4) The one player I was most interested in seeing was Edwin Carl, but as a reliever, I had no guarantees until he was called into the game during the seventh inning. To say Carl came out of nowhere is to put it bluntly. I'm not too proud to admit that I had never heard of Carl coming into the year, but as he went undrafted in 2010 before signing with the Royals, I think I'm excused. Then the questions starting coming via email and Twitter, and after looking at the numbers for Idaho Falls in the Pioneer League, it was clear why: 33 innings, 17 hits, three walks, and 71 strikeouts. Go back and read that again, I'll still be here. Put another way, opponents facing Carl went 17-for-117 (.145) against him with 71 strikeouts. There are bad-hitting pitchers with better numbers, but at the same time, Carl is 23, went undrafted out of college, and is pitching in Rookie-ball, so unless he's the scouting find of the century, there's something beyond stuff that is allowing him to dominate in this way.
After seeing Carl strike out four of the nine hitters he faced on Saturday, let me make this clear: it's a trick, but it's a nifty one, at least. At six-foot and 210 pounds, Carl isn't the prettiest guy on the mound, and his fastball runs in the sleepy 88-90 mph range, but it's nearly impossible to pick up. He faces hitters not facing third base, perfectly perpendicular to the rubber, but rather is another 20 degrees or so turned away from the hitter, enough to see the first number on the back of his uniform. He drops his pitching arm behind his body once he begins his delivery, and it stays there until just before the moment of release, giving hitters nothing to track and leaving them flinching, at times, against below-average velocity. It's not just deception, it's ultra-deception—the kind I haven't seen since the days of Connor Robertson, who also put up crazy numbers in the low minors before it all caught up to him. Deceptive deliveries are gravy in the big leagues, but at this level, they can be the main course, and while I'm rooting for Carl, that trick will likely be figured out by the time he reaches Double-A.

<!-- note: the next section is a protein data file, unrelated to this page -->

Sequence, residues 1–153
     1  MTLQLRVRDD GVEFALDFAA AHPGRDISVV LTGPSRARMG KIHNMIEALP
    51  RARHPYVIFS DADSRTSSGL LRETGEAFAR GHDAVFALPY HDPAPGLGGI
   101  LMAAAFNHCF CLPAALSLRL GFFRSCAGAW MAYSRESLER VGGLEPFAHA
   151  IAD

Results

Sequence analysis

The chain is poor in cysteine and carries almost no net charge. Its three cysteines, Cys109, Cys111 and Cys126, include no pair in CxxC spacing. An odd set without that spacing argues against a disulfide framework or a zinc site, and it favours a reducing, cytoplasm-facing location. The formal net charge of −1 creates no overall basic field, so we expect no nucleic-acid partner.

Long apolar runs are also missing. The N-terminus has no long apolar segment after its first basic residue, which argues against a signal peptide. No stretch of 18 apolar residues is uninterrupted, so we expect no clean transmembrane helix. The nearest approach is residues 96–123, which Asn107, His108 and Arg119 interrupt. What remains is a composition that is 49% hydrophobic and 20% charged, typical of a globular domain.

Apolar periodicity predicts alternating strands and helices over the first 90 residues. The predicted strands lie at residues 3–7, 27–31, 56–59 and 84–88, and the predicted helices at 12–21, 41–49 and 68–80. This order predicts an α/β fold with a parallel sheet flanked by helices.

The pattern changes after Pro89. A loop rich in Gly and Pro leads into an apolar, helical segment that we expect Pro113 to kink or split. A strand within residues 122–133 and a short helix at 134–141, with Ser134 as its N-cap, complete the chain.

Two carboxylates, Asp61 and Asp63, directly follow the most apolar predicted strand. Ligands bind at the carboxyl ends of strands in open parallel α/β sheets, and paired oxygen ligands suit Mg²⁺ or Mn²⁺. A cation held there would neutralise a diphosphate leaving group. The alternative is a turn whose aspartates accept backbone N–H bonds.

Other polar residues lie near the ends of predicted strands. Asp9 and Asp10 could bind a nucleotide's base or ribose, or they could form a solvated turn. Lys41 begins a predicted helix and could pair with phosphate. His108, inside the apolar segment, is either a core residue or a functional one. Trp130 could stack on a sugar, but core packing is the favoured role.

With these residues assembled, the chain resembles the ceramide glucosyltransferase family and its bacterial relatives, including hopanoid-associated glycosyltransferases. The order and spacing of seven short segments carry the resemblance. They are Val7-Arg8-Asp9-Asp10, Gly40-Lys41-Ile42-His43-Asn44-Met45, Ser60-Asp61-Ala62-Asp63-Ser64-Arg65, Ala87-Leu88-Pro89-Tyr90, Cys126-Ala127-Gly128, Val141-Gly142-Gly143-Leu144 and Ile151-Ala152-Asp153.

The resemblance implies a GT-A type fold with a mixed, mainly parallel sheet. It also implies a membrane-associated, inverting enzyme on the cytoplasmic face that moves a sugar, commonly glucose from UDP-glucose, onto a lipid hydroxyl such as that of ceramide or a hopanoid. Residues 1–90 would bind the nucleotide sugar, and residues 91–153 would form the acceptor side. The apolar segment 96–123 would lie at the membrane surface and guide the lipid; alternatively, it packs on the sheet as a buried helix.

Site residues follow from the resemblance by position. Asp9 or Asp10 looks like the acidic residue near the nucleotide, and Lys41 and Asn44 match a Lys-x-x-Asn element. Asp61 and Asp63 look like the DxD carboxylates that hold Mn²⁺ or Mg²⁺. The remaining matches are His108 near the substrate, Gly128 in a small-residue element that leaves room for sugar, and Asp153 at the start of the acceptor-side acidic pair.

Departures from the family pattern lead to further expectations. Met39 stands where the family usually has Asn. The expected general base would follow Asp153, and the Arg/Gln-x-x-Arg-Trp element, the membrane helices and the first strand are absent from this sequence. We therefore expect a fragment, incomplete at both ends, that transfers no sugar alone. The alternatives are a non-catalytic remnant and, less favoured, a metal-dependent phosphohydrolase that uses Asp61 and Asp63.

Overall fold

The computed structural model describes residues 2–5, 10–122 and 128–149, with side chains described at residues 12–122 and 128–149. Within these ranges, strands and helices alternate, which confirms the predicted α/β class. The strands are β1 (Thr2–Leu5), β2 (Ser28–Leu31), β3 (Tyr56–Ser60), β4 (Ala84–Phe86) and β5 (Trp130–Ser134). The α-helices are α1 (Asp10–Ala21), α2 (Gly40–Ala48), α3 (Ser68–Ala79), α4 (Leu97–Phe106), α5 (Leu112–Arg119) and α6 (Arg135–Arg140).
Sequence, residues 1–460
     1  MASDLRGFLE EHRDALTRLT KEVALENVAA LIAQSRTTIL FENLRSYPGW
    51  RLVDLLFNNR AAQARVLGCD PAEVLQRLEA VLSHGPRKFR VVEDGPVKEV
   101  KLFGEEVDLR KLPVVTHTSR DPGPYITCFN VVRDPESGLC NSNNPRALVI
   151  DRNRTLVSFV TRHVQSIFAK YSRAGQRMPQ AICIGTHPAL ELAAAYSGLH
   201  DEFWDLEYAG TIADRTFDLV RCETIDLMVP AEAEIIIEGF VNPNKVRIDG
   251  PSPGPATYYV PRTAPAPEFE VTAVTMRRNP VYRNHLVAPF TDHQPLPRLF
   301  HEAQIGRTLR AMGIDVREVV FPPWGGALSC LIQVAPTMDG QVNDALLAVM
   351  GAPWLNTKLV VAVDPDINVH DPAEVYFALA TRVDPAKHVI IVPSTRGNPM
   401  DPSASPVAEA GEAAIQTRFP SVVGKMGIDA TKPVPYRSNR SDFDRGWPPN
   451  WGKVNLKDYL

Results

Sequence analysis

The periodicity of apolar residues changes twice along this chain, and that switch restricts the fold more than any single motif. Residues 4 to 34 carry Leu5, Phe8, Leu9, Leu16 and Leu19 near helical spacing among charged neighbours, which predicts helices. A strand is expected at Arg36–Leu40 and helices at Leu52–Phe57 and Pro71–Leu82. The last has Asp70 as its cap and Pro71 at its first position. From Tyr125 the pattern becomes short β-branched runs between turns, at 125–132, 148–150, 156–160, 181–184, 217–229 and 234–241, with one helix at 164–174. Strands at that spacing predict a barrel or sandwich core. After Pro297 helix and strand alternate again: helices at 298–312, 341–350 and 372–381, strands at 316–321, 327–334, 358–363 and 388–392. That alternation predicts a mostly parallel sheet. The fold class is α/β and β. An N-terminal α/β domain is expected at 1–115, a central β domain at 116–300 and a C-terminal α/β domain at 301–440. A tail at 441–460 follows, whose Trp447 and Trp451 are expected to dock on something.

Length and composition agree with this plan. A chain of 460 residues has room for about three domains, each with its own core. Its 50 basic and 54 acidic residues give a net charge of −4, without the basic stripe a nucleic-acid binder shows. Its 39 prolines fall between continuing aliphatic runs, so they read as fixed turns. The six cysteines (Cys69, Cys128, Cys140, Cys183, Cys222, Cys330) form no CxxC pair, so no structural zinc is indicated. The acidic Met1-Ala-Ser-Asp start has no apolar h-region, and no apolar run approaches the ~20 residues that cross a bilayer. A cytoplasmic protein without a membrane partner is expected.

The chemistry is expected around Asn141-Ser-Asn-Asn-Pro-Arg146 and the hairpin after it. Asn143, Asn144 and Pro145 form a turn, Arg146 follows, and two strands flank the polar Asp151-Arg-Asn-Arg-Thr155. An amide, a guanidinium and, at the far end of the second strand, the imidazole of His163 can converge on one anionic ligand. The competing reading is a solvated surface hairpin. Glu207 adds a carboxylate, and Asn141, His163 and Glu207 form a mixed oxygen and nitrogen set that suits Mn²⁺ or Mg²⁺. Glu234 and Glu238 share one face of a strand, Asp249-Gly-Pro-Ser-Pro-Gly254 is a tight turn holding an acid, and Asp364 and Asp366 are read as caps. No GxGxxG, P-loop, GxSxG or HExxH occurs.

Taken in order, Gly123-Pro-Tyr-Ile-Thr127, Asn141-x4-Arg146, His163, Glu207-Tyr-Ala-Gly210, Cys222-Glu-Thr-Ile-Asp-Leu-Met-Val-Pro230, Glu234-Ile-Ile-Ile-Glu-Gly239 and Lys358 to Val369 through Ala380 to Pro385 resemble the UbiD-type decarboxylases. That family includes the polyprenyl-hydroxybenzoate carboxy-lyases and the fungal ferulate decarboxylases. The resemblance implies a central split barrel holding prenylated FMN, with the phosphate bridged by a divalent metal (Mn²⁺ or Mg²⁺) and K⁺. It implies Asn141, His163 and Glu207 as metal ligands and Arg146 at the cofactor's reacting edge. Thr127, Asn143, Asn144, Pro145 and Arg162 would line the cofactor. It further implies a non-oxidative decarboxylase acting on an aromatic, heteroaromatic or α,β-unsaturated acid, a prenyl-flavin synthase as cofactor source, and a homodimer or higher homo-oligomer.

5) Let me make it clear: I love Oscar Taveras. Now, that's easy to do when a guy hits .386/.444/.584, but unlike Carl, those numbers are no mirage. His swing has the rare combination of violence and control, and while the box score says 1-for-4 with an RBI single, he was much better than that. Minor league teams send a report up the chain after each game with details on who did what and how, and often they don't even use hits as a statistic, favoring instead hard hit balls. While that's a judgment call to be sure, Taveras was 3-for-4 in that regard on Saturday, hitting one on the screws (but right at the left-fielder) in his first at-bat and then missing a home run to right by about 15-20 feet in the sixth. This left me wondering about new metrics, specifically those generated by the still-in-progress HITf/x system. If we can quantify the definition of hard hit balls, I'm convinced that statistics generated around them would be far more predictive that anything BABIP tells us.